Inside Financial Services

The Citi Settlement Will Provide Relief For Borrowers. It Shouldn’t.

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As regards that $7 billion Citigroup will pay as part of its settlement with the government regarding the spotty mortgages it sold to MBS investors, in a sane world that money would go to the MBS investors who were harmed, right? The logic isn’t hard: Citi represented the loans as being of a certain quality. When the loans turned out to not be of the quality Citi said and bondholders lost money as a result, the bondholders deserved to be made whole. As I say, not difficult.

Except that’s not what’s going to happen. Rather—and this is the kind of thing that tempts one to bang one’s head against the wall for hours on end–fully $2.5 billion of the $7 billion has been earmarked instead for consumer relief, in the form of things like loan modifications and funding of affordable housing.

How the heck does that make sense? If anything, borrowers were the big beneficiaries of Citi’s shenanigans. They ended up being granted loans (often as a result of fraud on their part) they never deserved in the first place. Then after the borrowers defaulted, many ended up living in their properties rent-free for many months as lenders dealt with the huge backlog of defaults. They weren’t victims in any sense of the word. They freely entered into agreements that, either because of bad luck or malice, they failed to live up to. And now they’re getting rewarded? Worse, in many cases it’s likely the debt relief the borrowers will receive (via loan mods, say) will actually work against the interest of the borrowers the agreement was supposed to help in the first place.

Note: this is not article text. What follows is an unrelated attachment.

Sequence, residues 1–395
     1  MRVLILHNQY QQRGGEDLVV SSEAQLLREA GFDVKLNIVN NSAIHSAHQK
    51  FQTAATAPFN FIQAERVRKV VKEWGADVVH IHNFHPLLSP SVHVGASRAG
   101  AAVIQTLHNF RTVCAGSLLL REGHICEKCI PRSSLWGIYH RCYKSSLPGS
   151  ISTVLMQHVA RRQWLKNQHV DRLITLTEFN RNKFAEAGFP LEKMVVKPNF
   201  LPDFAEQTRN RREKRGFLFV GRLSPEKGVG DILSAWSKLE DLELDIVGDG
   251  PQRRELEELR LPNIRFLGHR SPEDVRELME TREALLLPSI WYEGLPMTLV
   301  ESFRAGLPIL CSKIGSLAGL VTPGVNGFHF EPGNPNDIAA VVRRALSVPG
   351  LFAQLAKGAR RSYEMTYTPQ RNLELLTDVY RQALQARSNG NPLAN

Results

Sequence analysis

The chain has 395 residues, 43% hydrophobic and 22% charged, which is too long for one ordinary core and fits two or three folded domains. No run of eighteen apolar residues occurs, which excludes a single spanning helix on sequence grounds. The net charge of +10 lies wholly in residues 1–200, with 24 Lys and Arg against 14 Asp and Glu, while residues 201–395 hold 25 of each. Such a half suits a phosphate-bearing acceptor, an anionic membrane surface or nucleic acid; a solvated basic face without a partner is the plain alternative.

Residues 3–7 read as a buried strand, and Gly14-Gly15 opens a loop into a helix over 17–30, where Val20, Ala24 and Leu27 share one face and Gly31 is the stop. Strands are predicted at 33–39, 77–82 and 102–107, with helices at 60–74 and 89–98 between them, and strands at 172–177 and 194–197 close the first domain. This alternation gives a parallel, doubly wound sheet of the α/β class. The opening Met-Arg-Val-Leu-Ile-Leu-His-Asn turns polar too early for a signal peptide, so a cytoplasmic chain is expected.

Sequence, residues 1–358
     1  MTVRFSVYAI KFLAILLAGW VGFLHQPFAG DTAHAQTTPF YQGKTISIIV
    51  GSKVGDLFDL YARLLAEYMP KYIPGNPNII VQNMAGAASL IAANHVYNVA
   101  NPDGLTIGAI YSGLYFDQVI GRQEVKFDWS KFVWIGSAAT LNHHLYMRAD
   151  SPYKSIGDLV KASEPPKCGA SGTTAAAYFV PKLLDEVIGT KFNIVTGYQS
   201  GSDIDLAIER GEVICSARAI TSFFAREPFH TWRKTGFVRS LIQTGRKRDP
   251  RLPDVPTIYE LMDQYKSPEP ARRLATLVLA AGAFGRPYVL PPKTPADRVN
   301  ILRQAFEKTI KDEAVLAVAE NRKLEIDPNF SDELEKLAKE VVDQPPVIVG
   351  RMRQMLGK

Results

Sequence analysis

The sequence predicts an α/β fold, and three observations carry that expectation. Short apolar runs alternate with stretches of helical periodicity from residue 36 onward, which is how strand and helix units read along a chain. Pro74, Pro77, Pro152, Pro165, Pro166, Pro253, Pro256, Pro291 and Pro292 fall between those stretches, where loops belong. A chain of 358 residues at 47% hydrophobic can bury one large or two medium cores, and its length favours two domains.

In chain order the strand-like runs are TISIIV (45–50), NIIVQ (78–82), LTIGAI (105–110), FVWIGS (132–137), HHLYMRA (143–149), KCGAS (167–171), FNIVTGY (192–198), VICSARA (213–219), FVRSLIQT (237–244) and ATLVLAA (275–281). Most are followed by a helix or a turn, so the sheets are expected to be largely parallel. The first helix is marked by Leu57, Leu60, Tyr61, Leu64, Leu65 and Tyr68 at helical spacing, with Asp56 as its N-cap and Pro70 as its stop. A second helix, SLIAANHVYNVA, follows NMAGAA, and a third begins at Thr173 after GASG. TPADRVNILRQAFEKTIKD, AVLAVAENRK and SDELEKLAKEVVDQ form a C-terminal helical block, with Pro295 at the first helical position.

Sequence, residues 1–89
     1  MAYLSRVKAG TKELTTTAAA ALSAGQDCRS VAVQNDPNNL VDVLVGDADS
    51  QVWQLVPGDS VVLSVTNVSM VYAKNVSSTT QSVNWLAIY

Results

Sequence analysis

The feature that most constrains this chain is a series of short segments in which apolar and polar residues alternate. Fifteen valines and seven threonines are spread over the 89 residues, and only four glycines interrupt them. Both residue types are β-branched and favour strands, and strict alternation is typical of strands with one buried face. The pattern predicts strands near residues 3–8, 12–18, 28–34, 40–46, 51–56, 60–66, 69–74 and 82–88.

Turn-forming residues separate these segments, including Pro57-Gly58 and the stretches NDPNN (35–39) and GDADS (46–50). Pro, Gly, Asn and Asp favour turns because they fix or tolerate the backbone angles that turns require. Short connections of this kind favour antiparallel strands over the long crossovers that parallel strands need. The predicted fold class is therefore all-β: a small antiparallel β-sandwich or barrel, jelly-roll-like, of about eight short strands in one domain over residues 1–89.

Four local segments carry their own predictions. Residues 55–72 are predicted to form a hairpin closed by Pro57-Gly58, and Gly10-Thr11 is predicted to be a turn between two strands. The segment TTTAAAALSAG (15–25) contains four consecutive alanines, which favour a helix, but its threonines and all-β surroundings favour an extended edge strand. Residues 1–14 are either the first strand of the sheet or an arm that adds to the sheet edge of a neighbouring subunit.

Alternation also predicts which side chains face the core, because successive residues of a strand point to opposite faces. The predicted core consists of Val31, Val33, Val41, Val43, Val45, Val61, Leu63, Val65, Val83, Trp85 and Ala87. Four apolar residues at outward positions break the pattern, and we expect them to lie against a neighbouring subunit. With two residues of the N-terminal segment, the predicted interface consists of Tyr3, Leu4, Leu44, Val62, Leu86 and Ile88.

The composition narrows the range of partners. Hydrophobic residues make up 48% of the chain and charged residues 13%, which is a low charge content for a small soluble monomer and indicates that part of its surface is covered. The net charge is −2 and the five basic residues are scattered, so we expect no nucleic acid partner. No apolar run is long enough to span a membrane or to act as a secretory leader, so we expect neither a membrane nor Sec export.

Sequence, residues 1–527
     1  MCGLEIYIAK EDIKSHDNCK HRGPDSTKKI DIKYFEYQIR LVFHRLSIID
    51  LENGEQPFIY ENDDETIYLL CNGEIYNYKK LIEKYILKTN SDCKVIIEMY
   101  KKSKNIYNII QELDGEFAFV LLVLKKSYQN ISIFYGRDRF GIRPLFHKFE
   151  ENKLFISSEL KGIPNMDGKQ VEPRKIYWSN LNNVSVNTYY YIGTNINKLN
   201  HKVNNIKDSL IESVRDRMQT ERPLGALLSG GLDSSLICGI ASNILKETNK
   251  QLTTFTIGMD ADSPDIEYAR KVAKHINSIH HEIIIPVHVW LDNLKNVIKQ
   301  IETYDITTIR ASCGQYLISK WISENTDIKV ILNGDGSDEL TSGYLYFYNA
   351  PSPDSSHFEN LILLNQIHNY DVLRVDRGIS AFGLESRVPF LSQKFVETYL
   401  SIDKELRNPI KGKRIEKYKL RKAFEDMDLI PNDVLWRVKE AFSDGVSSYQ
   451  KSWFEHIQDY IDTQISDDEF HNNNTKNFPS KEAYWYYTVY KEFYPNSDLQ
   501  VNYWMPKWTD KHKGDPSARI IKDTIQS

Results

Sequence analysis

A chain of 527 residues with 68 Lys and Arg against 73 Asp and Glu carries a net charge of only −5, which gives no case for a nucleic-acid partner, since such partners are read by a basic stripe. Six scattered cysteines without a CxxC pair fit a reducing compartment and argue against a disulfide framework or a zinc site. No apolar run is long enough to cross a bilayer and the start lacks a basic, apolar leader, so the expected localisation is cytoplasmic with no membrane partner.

This is beyond unfair. It’s perverse. So, by the way, is the notion that state and federal agencies will receive $500 million in the deal. Again, why?

Yet this seems to be the pattern. Around $4 billion of JPMorgan’s $13 billion mortgage settlement last year, you may recall, is going toward consumer relief. It’s crazy.

The Citi deal and the others like it isn’t an instance of the government intervening on behalf of a wronged party and securing justice on its behalf. I believe it’s more like a shakedown operation by a crime syndicate, conducted for the benefit of its friends and cronies.

Which is to say, it’s a disgrace.

What do you think? Let me know!

5 Responses to “The Citi Settlement Will Provide Relief For Borrowers. It Shouldn’t.”

  1. Stephen Krug

    Like the new website and the ability to change fonts. About time!

  2. Ralph DeGroff

    I don’t understand what the justification for this result is??

  3. rivvir

    “Defaulted borrowers will receive…” You wrote that in your email. Perhaps if you changed the word defaulted to defrauded. Even though the people taking the loans were participating in the fraud, and ultimately defrauded themselves, with the lenders complicit. “Hey, it’s ok joe schmoe, just sign here, you’ll have your house and no one will be the wiser.”

    “Indeed, if you think about it, mortgage fraud, of course, was always a potential risk, but we’ve had underwriting standards at banks for 100 years which have kept mortgage fraud to a trivial level, where losses are far less than one half of 1 percent and fraud is rare. But in the crisis, liars’ loans, we know from the Mortgage Bankers Association themselves, their anti-fraud experts and their report in 2006, that the incidence of fraud in liars’ loans was 90 percent, and we know that by 2006 roughly 40 percent of all the loans made that year were liars’ loans, and we know that it was overwhelmingly lenders who put the lies in liars’ loans, and we know that it was almost exclusively lenders who put the lies in appraisals.
    So these frauds are overwhelmingly coming from the banks, but are being completely ignored, because the FBI is operating in this bizarre Tea Party world in which the banks are wonderful and honest and it’s the small people who are the nasty, terrible folks. And as I said, you’d believe it was an April Fools’ story, especially under a president who is African-American and an attorney general who is African-American buying into the Tea Party story that it’s largely minorities who caused this entire crisis. It’s the bizarrest thing I’ve found in 35 years of research.”

  4. contrarywise

    They didn’t know they were making campaign contributions this large but they supported the guy, another lousy investment on their part.

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